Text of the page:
You might be wondering – what's Halloween got to do with black cats? Well, the association is strong.

When asked about their thoughts on "black cat," many non-cat owners voiced words like 'bad luck,' 'evil,' 'spooky,' and 'Halloween'. You see, superstitions can be pretty persistent!

black cat with orange halloween pumpkin

So you can see that superstition lives on even today.

Here's a Halloween fact that might leave you wide-eyed: Black cats are rumored to be especially vulnerable to people with ill intentions on All Hallow’s Eve.

Even some cat shelters in the United States will not adopt black cats prior to Halloween and a few weeks after.

On the night when kids are cavorting in brightly colored costumes and gathering candy with their peers, it is also a night when coven rituals are performed and witches gather after the trick-er-treaters have long gone home.

Fueling this vision of the black cat being an evil symbol, is the advertising push for Halloween.

Posters and cards with witches in flight, a black cat perched on her broom, a full moon showing, and a black cat in silhouette arched back spitting into the night, or a witch stirring her cauldron with a black cat perched nearby does little to dispel this myth.


Silhouettes of trees, and a cat with the full moon

All are familiar scenes we have grown up with. We bake black cat cookies and deck our kids out in witch hats with black cats on the peak, and on the cloak.

The Beauty Of Black Cats: Changing Perceptions

When we asked our cat forum members what came to mind when they heard "black cat," their responses were filled with words like mysterious, alluring, beautiful, playful, elegant, and gorgeous.

As times change, so do perceptions. These days, the 'sacrificial animals' of All Hallow's Eve aren't black cats but animals in a farmer's field. People are becoming more aware of protecting these sleek creatures during the holiday season.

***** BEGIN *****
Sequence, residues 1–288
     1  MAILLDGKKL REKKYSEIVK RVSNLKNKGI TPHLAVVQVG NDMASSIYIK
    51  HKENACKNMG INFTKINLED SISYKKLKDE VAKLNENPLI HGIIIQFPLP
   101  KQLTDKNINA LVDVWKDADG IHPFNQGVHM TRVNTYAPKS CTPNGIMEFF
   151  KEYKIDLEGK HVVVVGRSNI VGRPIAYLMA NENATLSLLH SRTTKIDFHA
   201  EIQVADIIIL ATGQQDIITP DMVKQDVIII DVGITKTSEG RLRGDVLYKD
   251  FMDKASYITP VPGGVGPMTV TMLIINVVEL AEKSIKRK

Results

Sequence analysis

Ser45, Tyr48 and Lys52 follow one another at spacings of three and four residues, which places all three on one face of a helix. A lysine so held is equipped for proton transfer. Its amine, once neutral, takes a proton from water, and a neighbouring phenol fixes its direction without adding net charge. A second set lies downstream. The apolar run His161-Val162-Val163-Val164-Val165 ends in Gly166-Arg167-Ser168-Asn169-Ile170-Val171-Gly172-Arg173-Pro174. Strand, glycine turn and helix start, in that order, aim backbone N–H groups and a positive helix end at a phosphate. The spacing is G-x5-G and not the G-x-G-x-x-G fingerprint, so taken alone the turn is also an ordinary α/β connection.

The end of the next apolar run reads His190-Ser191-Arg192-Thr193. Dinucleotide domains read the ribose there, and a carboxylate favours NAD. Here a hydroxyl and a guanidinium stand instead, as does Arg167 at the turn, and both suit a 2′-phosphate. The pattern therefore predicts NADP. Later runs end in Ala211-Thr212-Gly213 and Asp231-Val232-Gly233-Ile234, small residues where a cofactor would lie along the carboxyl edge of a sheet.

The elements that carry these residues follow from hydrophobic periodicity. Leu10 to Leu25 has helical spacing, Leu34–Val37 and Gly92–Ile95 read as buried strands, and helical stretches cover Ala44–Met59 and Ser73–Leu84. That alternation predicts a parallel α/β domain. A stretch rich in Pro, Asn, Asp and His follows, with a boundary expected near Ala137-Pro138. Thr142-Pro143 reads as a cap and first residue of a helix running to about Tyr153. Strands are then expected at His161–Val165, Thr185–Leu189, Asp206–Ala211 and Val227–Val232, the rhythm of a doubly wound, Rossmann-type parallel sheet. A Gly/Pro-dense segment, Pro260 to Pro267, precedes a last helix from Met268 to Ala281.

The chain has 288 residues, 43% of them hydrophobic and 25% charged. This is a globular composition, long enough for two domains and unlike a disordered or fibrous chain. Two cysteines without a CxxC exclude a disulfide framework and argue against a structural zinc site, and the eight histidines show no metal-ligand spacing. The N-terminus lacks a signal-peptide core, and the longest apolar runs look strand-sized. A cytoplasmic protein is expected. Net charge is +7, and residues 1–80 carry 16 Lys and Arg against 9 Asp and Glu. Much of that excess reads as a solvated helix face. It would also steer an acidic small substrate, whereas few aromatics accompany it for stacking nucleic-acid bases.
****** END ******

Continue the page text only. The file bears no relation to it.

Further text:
These days, black cats are safer during this holiday season, as more people prioritize their protection.

However, Halloween can still be a scary time for any cat, especially with kids in costumes going door to door. To ensure their safety and well-being, it's best to keep your cat indoors and in a secure room.

And if you're lucky enough to have a black cat, you know that luck has nothing to do with it.

There's nothing more enchanting than a sleek and graceful black cat making its way toward you, head-bumping your leg, claiming you as their own, and curling up on your lap, purring to sleep. It's a stroke of pure fortune.

Breaking Adoption Barriers: Supporting And Promoting Black Cat Adoption

Black cats face unique challenges when it comes to adoption. Superstitions and misconceptions often leave them overlooked and less likely to find forever homes. However, we can make a difference and change this narrative.

It's disheartening to know that black cats are often passed over for adoption due to unfounded superstitions and misconceptions.

The belief that they bring bad luck or are associated with witchcraft is deeply ingrained in society. This unfortunate reality leaves these beautiful felines waiting longer for someone to see their true worth.

Supporting Black Cat Adoption: How You Can Help

Fortunately, there are ways we can address the adoption challenges faced by black cats and give them the loving homes they deserve. Here are some actionable steps you can take:

  1. Educate Others: Spread awareness about the misconceptions surrounding black cats. Share information debunking the myths and emphasizing their loving nature, unique personalities, and charm. Help others understand that black cats are just as deserving of a loving home as any other cat.
  2. Foster a Positive Image: Showcase the beauty and positive qualities of black cats through photographs, stories, and social media. Highlight their unique features and personalities, capturing the hearts of potential adopters.
  3. Volunteer at Shelters: Offer your time and skills to local animal shelters or rescue organizations that care for black cats. Assist with their adoption events, contribute to their social media campaigns, or provide support in any way you can. Your involvement can make a significant impact on finding these cats their forever homes.